Volume 26, Number 2—February 2020
Social Responses to Epidemics Depicted by Cinema
Films illustrate 2 ways that epidemics can affect societies: fear leading to a breakdown in sociability and fear stimulating preservation of tightly held social norms. The first response is often informed by concern over perceived moral failings within society, the second response by the application of arbitrary or excessive controls from outside the community.
Films related to themes of disease, infection, and contagion often fall into 1 of 3 broad categories connected to fantasy, science fiction, or horror: apocalyptic destruction or near destruction of the whole of humanity, rising concerns over bioterrorism, and the rise of an undead or form of zombie existence (1). Although films traditionally deal sensitively or realistically with the topic of HIV/AIDS (e.g., Dallas Buyers Club, Philadelphia, And the Band Played On, Kids), often through melodrama, fewer films have dealt with other epidemic diseases, as either direct subject material or background context. Of these more realistic or semirealistic films about epidemics, scholarly literature has focused on the inadequacy of capturing the correct science behind disease transmission, spread, and illness (2–4) or anachronistic characters in films concerning historical epidemics (5). Notwithstanding broader discussions of society–disease interaction in the media (6), the social responses to various diseases portrayed in films have been discussed less frequently.
In this article, we bring together a sample of films that we manually selected from a consolidated database of epidemic-related films built from assorted scholarly literature and catalogs (2,4,5,7–9). This database was supplemented by accessing “Films about viral outbreaks” on Wikipedia (https://en.wikipedia.org/wiki/Category:Films_about_viral_outbreaks) and a list of “Apocalyptic, epidemic, pandemic and disaster movies” on the Internet Movie Database (https://www.imdb.com/list/ls058975821). We manually selected the films and eliminated those that corresponded to the 3 broad categories mentioned above (i.e., those that are overly fantastical, not based or loosely based on an actual epidemic disease) and focused on films that pay explicit attention to social responses to disease (rather than being a peripheral backdrop to an unrelated story). Furthermore, the absence of comprehensive indexing of films containing narratives around epidemics makes construction of a systematic sample impractical (4).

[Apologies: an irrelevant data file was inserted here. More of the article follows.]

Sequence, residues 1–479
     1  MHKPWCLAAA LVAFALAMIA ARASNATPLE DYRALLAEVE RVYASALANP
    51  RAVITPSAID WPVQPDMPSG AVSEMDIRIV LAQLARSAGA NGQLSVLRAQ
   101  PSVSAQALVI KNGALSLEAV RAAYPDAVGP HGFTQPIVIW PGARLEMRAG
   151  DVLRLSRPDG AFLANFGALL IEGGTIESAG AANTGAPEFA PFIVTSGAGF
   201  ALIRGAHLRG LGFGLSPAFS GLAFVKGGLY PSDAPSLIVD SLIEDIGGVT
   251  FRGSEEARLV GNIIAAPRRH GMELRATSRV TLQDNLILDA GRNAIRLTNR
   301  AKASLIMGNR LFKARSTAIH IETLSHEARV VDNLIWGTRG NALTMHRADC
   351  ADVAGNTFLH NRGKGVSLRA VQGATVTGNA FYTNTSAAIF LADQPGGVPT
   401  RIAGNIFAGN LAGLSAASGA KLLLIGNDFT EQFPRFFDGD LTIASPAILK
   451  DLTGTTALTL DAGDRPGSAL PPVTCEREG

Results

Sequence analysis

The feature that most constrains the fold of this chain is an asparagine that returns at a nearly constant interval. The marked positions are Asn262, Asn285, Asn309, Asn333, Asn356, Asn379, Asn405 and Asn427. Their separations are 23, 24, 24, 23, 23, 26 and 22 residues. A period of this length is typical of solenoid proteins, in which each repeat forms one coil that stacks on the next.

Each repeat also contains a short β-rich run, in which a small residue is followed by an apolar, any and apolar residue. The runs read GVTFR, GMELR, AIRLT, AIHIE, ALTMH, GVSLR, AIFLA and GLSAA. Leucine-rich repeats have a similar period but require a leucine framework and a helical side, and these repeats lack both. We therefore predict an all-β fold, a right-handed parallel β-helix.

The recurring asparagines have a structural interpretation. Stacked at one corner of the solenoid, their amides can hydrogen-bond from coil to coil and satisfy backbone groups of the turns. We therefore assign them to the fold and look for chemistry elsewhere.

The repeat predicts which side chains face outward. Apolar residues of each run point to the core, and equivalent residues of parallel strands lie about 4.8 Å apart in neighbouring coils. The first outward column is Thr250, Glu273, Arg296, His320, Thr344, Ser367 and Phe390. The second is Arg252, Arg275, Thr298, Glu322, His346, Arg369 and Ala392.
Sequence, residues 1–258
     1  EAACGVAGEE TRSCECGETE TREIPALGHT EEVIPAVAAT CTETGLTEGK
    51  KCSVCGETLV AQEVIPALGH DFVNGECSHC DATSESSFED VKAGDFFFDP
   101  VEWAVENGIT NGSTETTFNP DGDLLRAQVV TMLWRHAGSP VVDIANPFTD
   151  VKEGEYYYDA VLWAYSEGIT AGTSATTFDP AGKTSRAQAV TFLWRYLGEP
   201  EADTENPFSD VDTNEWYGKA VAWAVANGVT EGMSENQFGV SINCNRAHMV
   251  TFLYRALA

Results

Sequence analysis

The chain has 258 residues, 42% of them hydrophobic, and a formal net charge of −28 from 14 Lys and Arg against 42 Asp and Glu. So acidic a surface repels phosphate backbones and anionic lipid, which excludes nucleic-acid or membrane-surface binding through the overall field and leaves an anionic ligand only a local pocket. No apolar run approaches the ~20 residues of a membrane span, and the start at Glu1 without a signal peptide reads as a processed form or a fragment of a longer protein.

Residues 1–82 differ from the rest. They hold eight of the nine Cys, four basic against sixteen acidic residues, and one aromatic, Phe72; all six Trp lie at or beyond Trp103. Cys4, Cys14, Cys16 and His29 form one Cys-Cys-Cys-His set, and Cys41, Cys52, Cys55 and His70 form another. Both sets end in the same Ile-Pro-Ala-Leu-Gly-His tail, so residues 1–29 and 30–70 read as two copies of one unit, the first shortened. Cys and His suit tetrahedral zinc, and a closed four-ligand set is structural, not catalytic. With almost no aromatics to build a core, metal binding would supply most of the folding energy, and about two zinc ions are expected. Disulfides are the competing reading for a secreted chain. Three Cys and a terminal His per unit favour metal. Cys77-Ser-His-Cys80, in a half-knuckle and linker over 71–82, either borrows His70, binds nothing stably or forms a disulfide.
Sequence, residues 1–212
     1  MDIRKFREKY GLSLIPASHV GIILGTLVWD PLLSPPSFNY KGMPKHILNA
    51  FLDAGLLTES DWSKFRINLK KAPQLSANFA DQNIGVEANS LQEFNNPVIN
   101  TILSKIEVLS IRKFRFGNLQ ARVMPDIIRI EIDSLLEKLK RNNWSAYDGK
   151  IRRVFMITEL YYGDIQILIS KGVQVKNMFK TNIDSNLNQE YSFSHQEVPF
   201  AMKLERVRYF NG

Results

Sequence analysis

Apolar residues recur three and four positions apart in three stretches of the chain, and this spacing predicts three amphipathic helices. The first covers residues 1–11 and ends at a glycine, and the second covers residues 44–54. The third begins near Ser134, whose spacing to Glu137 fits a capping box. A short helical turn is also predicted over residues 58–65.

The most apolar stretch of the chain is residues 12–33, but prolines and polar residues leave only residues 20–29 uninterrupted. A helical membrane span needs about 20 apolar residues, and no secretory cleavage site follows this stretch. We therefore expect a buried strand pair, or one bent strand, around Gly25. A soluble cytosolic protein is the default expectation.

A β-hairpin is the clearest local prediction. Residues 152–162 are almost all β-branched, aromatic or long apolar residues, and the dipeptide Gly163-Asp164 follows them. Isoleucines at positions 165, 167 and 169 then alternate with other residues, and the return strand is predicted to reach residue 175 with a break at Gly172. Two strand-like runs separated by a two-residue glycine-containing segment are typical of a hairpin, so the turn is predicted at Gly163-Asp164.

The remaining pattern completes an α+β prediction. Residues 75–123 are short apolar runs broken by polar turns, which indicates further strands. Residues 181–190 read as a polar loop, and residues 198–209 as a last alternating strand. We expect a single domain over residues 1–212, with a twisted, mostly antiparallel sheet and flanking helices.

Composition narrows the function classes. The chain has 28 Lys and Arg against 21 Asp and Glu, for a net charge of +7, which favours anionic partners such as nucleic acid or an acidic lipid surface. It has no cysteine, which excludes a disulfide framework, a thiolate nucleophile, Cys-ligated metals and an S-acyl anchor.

Scholarly literature that focuses on contemporary disease psychology holds central a connection between fear, panic, and epidemics (10), often focusing on the unique characteristics of infectious diseases themselves (11). Indeed, in an article about the psychosocial effects of diseases, the disproportionate degree of fear was describe as connected to the fact that “it is transmitted rapidly and invisibly; historically, it has accounted for major morbidity and mortality; old forms re-emerge and new forms emerge; and both the media and society are often in awe” (12). However, after analyzing this selection of epidemics-related films, we suggest that although social reactions such as panic (an emotive response caused by fear) are typically found in films concerning epidemics, films also remind us that the fear seen during epidemics is often little associated with the disease itself. In fact, films show that epidemics can push societies in 2 directions: fear leading to a breakdown in sociability, but also fear stimulating the preservation of tightly held social norms. The first social response to epidemics is often informed by concern over broader moral failings within society at large, leading, for example, to violence or scapegoating. In accordance with the “outbreak narrative,” a concept developed by Priscilla Wald, a fear of the spread of disease is developed in only 1 direction, from marginalized, deviant, or underdeveloped groups to native, mainstream, or developed society (6). In recent films, this kind of orientalization (perpetuating stereotypes about Middle Eastern, Asian, and North African societies) and othering (viewing or treating others as intrinsically different from and alien to oneself) has been taken a step further as traditional or underdeveloped societies are heroically saved by outsiders. The second social response to epidemics is often informed by the perceived application of arbitrary or excessive controls from above or outside the community in question. Films have shown that epidemics produce active responses such as resistance or unrest—sometimes violent—to paradoxically retain aspects of normal life under threat (often from elites and authorities), such as perceived freedoms and liberties and customary traditions and practices.